So task number one is to continually raise our game. Good writing aside, self- and indie- pubbed books don’t have to look as good as what the Big Five are releasing, they have to look better. We need to produce books that show an artisanal level of pride in every aspect of production, from editing to formatting to cover design. This needn’t break the bank, but it does require time, study, and thought. If we’re not prepared to do that, we only perpetuate the stigma.
Second, we need think hard and honestly about whether we’re ready as writers to put our work out there before the world, and whether our book itself is really polished and ready for public release. We need reality checks, benchmarks, and validations (see further resources, below).
Third—and this is the toughest one of all—we need to help our peers, watch out for them, and cover their backs. In the same way that we wouldn’t want a friend to drive drunk, we should look out for our more starry-eyed and impetuous friends.
This is hard to do. I’ve more than once been approached by writers who want feedback on something they’re getting to ready to self-publish. Three sentences in, I’m already frowning: what does one do in this situation? In some instances I’ve tried to tactfully let them know their writing isn’t ready, using a gentle, come-to-Jesus approach, and every time they’ve ignored me and published anyway—and in truth, if publishing had been so easy when I was an adolescent writing purple prose in the style of a hormone-crazed Robert E. Howard, I wouldn’t have listened to advice, either.
I’ve come to the conclusion that the best approach in these cases, if asked directly for an opinion, is to answer directly and honestly (with no intent to wound but only to protect) that they, or the work in question, aren’t ready and need to spend more time working on their craft or polishing the material—usually both. It may be helpful to point them to some outside articles (I’ve linked a couple below) on self-evaluating and considering their readiness to publish. More than that, and being a friend if things don’t turn out well, one cannot do.
Finally, we need to put our money where our mouths are and directly support self-publishers, starting with our own circle of friends and acquaintances. I’m serious: few people, including self-published authors, regularly buy self-pubbed books by people they know.
The why of this, given we’re talking buying an ebook that’s probably cheaper than a foofy coffee drink (and how hard do you think before buying one of those?) is unfathomable—what’s the big deal if you spend five bucks and then decide you don’t like the book? So what? We can begin to change things right here by promising to buy a self-pubbed ebook, preferably written by someone we know, at least once a month. And if it’s good, talk it up, and buy a copy for a friend or relative.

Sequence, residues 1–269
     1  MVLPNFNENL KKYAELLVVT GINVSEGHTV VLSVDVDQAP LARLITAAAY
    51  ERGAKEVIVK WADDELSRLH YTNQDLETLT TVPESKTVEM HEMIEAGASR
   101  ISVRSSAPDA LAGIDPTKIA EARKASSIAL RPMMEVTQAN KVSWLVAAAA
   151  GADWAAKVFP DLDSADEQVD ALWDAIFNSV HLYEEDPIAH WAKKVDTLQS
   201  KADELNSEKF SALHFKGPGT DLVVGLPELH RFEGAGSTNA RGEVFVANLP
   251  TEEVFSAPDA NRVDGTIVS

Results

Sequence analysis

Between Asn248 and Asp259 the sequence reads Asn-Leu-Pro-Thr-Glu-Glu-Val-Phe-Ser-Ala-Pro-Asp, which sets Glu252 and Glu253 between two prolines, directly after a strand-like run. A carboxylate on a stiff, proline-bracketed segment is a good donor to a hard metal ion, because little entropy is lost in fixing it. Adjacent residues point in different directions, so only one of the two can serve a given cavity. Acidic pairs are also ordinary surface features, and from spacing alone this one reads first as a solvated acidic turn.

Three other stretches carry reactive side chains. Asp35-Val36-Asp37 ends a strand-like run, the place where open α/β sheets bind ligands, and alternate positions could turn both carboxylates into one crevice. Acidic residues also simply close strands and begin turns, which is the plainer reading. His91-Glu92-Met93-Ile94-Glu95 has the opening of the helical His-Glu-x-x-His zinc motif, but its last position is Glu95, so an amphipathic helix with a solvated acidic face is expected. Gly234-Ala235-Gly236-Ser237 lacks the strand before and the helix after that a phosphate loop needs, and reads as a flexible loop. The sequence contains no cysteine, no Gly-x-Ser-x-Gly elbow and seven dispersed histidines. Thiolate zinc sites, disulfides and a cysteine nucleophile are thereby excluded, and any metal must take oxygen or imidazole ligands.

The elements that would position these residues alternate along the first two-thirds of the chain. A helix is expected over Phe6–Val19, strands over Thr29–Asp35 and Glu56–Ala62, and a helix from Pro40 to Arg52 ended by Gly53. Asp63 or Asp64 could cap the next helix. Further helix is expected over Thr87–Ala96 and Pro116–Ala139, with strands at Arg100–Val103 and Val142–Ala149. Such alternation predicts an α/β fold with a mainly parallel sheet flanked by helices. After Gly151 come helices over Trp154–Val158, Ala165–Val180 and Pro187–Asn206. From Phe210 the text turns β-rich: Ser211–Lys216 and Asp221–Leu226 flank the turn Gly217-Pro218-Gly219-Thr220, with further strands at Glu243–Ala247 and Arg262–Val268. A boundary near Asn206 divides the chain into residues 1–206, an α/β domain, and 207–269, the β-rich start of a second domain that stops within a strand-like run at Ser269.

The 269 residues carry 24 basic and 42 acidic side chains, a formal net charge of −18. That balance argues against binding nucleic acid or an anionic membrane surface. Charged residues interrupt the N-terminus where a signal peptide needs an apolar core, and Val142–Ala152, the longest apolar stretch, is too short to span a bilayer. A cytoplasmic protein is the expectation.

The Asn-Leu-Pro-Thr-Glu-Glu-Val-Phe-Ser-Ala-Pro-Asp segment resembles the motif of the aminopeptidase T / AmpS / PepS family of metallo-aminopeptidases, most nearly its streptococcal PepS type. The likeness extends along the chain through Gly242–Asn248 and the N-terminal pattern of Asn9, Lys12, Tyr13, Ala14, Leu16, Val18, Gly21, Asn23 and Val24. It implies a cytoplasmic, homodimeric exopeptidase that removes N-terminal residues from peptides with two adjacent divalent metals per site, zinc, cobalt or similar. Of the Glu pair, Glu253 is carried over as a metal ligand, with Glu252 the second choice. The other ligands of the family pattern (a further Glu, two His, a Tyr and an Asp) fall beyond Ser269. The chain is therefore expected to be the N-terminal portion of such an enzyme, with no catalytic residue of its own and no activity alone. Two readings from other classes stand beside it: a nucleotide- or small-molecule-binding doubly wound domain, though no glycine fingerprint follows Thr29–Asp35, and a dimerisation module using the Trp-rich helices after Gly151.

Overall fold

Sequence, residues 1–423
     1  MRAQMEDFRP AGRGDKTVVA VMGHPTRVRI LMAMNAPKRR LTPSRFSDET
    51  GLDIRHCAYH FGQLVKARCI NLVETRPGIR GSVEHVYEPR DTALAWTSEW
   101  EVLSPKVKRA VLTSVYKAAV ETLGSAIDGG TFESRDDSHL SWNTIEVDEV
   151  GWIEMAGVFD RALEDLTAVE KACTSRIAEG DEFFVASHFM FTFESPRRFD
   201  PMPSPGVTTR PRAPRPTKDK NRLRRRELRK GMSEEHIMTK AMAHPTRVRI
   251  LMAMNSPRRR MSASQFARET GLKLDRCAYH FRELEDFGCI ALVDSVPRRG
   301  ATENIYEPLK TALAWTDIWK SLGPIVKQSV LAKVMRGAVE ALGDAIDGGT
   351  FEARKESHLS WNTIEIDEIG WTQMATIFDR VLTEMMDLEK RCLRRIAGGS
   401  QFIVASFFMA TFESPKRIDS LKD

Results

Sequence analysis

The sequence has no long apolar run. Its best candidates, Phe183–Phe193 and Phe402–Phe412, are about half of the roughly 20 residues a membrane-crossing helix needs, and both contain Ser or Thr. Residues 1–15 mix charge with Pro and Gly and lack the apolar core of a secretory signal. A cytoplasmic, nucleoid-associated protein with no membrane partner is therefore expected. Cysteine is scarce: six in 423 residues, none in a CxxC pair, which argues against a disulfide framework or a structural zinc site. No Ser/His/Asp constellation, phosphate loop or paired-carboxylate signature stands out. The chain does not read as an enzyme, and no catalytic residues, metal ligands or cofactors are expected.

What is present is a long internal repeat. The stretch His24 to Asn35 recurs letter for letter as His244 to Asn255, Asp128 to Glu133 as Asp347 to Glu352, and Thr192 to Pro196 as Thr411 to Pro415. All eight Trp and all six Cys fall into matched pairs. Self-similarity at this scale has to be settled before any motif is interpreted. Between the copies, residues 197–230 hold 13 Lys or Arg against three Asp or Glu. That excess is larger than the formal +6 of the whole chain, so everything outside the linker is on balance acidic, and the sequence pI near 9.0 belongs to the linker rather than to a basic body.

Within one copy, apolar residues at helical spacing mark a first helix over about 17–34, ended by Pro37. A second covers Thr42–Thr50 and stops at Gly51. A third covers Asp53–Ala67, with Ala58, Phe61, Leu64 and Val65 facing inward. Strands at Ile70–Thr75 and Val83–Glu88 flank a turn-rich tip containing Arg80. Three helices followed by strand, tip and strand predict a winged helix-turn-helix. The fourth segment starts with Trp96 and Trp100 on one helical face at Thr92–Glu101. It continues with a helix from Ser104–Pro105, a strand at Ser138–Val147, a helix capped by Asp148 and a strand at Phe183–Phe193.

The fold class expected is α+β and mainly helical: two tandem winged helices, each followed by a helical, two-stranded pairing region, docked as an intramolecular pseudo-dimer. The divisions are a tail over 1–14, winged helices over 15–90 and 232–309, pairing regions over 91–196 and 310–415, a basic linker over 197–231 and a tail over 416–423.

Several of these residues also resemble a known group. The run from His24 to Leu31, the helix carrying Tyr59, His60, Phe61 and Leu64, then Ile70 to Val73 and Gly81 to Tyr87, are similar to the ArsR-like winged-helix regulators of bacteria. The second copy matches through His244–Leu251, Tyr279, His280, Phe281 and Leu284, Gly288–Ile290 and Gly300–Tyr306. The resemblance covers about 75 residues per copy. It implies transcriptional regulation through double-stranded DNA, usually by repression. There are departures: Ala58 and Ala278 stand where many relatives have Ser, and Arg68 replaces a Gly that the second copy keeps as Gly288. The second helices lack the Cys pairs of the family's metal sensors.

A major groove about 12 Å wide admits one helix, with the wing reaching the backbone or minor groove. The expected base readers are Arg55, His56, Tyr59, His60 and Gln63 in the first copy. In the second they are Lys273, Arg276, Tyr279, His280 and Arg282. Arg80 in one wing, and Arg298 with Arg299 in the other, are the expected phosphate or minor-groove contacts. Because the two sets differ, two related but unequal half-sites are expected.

If we want to come out of the ghetto, we need to lead by action and example. Raise our game, watch out for each other, support one another, and hold our head high. Because feeling like a victim doesn’t help anyone.
Have you ever felt stigmatized for being a self-published author? How have you dealt with it?
Dario Ciriello is the founder and editor of Panverse Publishing, a small press with a mission to break the rigid barriers of category and genre and put story first. His Panverse Anthology authors have been nominated for both Hugo and Nebula awards, and the winner of the 2011 Sideways Award for Alternate History. On the novel front, his authors include T.L. Morganfield, Bonnie Randall, Doug Sharp, and Don D'Ammassa. His own work includes Sutherland's Rules, and the travel memoir Aegean Dream. Panverse is currently open for submissions.
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1 Technically, I’m indie- rather than self-published; but since I’m both founder and editor of Panverse, the indie press which publishes my work, along with books by various other authors, people still see me as self-published.
2 Heck, Amazon et al want you to self-publish, regardless: if they have a million books that sell just a hundred copies each in their lifetime (they do), and they make a buck off each... (It’s called “the Long Tail”).
Lessons Learned From Self Publishing
Are You Good Enough to Self Publish?
So You Want to be Published?
Self Publishing Stigma--Do We Deserve It?
The Long Tail of Publishing